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Barack Obama includes Filipino journalist's book on drug war among 2023 favorites |

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Barack Obama includes Filipino journalist's book on drug war among 2023 favorites

Kristofer Purnell -
Barack Obama includes Filipino journalist's book on drug war among 2023 favorites
Composite image of former US president Barack Obama and copies of Patricia Evangelista's "Some People Need Killing."
Getty Images via AFP / Arturo Holmes, Patricia Evangelista via Twitter

MANILA, Philippines — Former US president Barack Obama has included "Some People Need Killing" by Filipino journalist Patricia Evangelista in his annual favorite books list.

Obama's annual favorites lists of movies, music, television shows and books are annually anticipated by followers, with the former president even sharing a summer version in the middle of the year.

"Here are the books I've enjoyed reading. If you’re looking for a new book over the holidays, give one of them a try. And if you can, shop at an independent bookstore or check them out at your local library," Obama said on social media as he announced his favorite books for 2023.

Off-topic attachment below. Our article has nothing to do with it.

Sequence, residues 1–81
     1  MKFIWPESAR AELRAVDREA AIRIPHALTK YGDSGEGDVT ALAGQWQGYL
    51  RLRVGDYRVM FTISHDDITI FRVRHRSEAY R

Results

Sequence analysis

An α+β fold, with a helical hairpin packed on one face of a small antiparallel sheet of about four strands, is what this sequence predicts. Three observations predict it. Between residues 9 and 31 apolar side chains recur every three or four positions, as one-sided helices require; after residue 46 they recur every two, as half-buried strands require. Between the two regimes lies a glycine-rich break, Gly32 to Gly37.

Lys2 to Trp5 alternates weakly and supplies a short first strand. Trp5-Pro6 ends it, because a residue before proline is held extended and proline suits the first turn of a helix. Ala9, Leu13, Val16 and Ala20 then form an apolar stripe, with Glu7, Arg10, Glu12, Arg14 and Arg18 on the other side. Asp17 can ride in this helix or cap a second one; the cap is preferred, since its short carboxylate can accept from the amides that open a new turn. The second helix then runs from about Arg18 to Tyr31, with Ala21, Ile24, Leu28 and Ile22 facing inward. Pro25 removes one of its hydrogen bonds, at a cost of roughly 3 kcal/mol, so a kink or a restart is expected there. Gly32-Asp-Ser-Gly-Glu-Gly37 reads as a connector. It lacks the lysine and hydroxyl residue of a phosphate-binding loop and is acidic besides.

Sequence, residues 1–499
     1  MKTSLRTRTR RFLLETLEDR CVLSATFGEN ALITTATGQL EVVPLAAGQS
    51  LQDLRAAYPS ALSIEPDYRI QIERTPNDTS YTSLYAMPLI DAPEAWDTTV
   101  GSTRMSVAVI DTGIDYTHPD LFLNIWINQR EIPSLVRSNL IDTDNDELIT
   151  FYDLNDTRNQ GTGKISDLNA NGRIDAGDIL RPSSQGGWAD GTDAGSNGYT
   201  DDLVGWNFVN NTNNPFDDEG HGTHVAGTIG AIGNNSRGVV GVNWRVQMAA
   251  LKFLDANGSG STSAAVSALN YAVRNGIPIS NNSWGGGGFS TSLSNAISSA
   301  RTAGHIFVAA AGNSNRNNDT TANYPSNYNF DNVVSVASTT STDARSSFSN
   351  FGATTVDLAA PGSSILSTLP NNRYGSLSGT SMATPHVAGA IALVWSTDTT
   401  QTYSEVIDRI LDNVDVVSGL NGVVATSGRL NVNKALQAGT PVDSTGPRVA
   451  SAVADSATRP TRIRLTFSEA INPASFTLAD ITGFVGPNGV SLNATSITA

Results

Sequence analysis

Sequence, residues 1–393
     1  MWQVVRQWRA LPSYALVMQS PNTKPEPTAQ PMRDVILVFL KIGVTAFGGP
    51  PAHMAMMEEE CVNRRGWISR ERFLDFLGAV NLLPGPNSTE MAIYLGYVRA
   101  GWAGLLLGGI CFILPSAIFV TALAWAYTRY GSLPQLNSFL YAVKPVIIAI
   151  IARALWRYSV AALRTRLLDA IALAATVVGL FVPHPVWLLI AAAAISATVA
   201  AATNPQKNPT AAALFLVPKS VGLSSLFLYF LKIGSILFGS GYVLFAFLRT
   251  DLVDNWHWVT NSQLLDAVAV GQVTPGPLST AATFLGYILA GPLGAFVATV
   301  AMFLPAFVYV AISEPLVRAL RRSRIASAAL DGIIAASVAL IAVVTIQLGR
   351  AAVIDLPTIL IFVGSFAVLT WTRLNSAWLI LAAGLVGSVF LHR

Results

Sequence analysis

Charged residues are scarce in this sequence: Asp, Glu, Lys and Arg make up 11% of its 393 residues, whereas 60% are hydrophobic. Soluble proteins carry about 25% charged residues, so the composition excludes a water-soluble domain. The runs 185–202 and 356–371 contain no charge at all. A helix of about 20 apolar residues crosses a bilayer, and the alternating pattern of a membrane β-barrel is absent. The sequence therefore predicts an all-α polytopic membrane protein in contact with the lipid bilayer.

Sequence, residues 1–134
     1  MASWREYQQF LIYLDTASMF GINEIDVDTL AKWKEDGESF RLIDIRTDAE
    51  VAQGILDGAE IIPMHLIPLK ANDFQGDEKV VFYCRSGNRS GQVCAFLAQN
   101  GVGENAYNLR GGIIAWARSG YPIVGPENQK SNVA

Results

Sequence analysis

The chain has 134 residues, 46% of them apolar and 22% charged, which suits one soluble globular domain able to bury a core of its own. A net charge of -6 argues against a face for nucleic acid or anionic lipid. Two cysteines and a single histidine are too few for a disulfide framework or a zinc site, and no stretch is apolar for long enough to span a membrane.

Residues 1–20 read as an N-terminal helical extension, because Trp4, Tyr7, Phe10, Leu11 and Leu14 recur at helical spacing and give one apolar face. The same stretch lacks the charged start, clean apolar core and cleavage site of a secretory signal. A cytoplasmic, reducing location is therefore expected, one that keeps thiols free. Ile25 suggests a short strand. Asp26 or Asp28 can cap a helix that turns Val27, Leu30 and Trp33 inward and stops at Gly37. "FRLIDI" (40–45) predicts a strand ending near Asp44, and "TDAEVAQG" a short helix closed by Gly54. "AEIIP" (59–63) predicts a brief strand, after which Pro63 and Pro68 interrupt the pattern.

Four of the 15 books listed were also a part of Obama's summer favorites — Matthew Desmond's "Poverty, By America," David Grann's "The Wager," Jonathan Eig's "King: A Life," and S.A. Cosby's "All The Sinners Bleed."

Evangelista reshared Obama's post on X, formerly Twitter, expressing gratitude for her work being recognized by the former president.

"So honored that Barack Obama found my book 'Some People Need Killing' worthy of his list of the best of 2023. Humbled to be in the company of these astounding authors and works. Thank you so much," the Filipino journalist wrote.

"Some People Need Killing" is Evangelista's first book, detailing her coverage of extrajudicial killings during the presidency of Rodrigo Duterte and how the so-called "war on drugs" affected her both as a journalist and an individual.

Recorded data show that over 6,000 people were killed during the "war on drugs," mostly people in poverty, though rights groups estimate the body count could be as high as 27,000.

The book was previously included in The New York Times' "10 Best Books of the Year" list and Times' "100 Notable Books of 2023."

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